The 42-year-old Brooks, who took over the athletic department in 2021 after Greg McGarity retired, called the Georgia job “a dream for me” and said he hopes to spend the rest of his career in Athens.

“I am extremely grateful,” Brooks said. “I got into this business 20-plus years ago as a student equipment manager. My first job at Louisiana-Monroe was making $20,000 a year in football operations.”

The Georgia board approved a fiscal 2024 budget of $175.2 million, a nearly 8% increase from the most recent budget of $162.2 million and the sign of a prosperous program that is flush with money after its success on the gridiron.

The school received approval to move forward with its preliminary plans for a new track and field facility, which will be built across the street from the complex hosting the soccer and and softball teams.

The current track stadium is located adjacent to the Butts-Mehre athletic facility, which hosts the practice fields and training facilities for the football program.

Georgia lost a chunk of its outdoor fields when it built a new indoor practice facility. After the new track and field stadium is completed, the current space will be converted to two full-length, grass football practice fields at the request of coach Kirby Smart.

“He wants to find efficient ways to practice, and there is a lot of truth to the issues we’ve had with our current practice fields,” Brooks said. “There is a lot of strain on our turf facilities staff to keep that field in great shape when half the day it is getting shade, so that has been a challenge as well. For our football program, it is better to practice on grass fields than (artificial) turf, so to be able to have two side-by-side grass fields is huge. It makes for a much more efficient practice.”

The new track and field complex, which will continue to be named Spec Towns Track, will also include an indoor facility, the first of its kind in the state of Georgia.

Iowa AD Gary Barta announces retirement after 17 years at Big Ten school

Joseph Cress/Iowa City Press-Citizen / USA TODAY NETWORK

IOWA CITY, Iowa – Iowa athletic director Gary Barta will retire on August 1 after 17 years at the university, the school announced Friday.

Barta, 59, is one of the longest-tenured athletic directors in a Power Five conference. He was hired by Iowa in 2006 after being the AD at Wyoming.

An interim director will be announced next week, Iowa said.

In September, Iowa hired former Ball State athletic director Beth Goetz to be deputy director of athletics and chief operating officer, putting her in position to possibly succeed Barta.

“It has been an absolute privilege and honor to serve in this role the past 17 years,” Barta said in a statement. “This decision didn’t come suddenly, nor did it come without significant thought, discussion, and prayer.”

“That said, I’m confident this is the right time for me and for my family.”

Iowa won four NCAA national team titles and 27 Big Ten team titles during Barta’s tenure. The women’s basketball team is coming off an appearance in the national championship game and the wrestling team is coming off a second-place finish at the NCAA championships.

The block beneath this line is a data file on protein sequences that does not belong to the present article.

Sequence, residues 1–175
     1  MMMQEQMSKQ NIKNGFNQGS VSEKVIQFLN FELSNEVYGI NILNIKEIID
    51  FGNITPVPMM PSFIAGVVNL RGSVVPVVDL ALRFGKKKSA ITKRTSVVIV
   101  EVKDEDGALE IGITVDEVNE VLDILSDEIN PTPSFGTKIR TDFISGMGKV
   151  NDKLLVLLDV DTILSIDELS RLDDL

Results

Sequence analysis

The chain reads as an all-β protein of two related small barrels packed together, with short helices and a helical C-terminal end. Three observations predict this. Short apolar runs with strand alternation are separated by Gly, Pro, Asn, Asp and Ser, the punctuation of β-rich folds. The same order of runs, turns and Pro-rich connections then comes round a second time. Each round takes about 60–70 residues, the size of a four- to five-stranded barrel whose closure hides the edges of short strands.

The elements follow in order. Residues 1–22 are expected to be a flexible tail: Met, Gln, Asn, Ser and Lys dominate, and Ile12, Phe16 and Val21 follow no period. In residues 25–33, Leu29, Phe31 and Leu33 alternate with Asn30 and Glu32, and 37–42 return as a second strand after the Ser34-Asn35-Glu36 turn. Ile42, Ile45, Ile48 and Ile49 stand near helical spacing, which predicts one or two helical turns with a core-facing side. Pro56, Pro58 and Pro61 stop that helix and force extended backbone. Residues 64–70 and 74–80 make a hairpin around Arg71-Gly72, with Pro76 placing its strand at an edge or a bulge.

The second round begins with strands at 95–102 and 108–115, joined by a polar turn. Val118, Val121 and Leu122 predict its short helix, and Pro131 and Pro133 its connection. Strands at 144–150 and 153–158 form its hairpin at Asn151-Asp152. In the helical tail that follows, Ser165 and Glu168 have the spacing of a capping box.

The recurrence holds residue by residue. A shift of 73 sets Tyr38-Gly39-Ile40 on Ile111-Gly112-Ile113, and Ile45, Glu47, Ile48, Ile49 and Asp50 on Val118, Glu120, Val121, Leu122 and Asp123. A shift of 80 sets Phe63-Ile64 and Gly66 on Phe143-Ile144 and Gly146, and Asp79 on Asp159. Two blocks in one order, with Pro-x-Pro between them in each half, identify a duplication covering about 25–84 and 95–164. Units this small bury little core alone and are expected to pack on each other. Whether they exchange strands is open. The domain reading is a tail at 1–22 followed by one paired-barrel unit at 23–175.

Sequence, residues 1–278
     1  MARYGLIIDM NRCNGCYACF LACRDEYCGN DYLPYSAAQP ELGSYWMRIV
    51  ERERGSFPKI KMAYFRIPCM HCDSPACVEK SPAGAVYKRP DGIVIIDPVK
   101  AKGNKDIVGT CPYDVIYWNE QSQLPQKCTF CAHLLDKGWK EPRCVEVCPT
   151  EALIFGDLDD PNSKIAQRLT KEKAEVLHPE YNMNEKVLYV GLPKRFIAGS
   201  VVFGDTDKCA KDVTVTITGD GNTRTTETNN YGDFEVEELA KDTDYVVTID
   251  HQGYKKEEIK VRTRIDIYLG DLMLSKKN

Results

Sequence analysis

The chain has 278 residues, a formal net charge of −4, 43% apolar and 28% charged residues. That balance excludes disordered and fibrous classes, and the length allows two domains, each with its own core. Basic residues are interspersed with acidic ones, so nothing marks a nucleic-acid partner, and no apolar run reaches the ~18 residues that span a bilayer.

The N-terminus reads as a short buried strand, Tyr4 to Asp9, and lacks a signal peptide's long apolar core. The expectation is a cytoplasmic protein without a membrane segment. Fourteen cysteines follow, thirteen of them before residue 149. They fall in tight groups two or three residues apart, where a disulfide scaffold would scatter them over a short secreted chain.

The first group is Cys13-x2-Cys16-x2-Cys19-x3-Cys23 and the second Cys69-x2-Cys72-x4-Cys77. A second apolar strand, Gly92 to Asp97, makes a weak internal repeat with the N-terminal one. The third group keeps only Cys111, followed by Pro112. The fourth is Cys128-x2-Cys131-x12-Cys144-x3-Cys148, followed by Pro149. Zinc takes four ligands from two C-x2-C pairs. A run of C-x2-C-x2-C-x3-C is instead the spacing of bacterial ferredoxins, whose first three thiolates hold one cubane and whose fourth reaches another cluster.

Barta served as the chairman of the College Football Playoff committee in 2020 and 2021.

He faced heavy criticism over more than $11 million in settlements for lawsuits in recent years alleging racial and sexual discrimination within the athletic department.

Lawsuits filed by former field hockey coach Tracey Griesbaum and associate athletics director Jane Meyer led to a $6.5 million payout.

Iowa had to pay $400,000 as part of a Title IX lawsuit brought by athletes after it cut four sports in 2020 during the COVID-19 pandemic. As part of the agreement, Iowa reinstated the women’s swimming and diving program and add another women’s sport.

Iowa added women’s wrestling, the first among Power Five schools to compete this year.

A lawsuit brought by former football players alleging racial discrimination within the program was settled for $4.2 million last March, which prompted state auditor Rob Sand to call for Barta’s ouster.

“Gary Barta’s departure is a long time coming given the four different lawsuits for discrimination that cost Iowa more than $11 million,” Sand posted on Twitter.

The university did not allow taxpayer money to be used for the settlement with the former players.

Barta led Iowa through $380 million of facility upgrades, including renovation of Kinnick Stadium, the construction of a new football facility, a basketball practice facility and a training center for the wrestling teams.

Under Barta, Iowa has had just one head football coach (Kirk Ferentz), women’s basketball coach (Lisa Bluder) and wrestling coach (Tom Brands). All were in place when he arrived.

Barta has also come under scrutiny for allowing Ferentz to employee his son, Brian Ferentz, as offensive coordinator. To comply with the university’s nepotism policy, Brian Ferentz reports to Barta.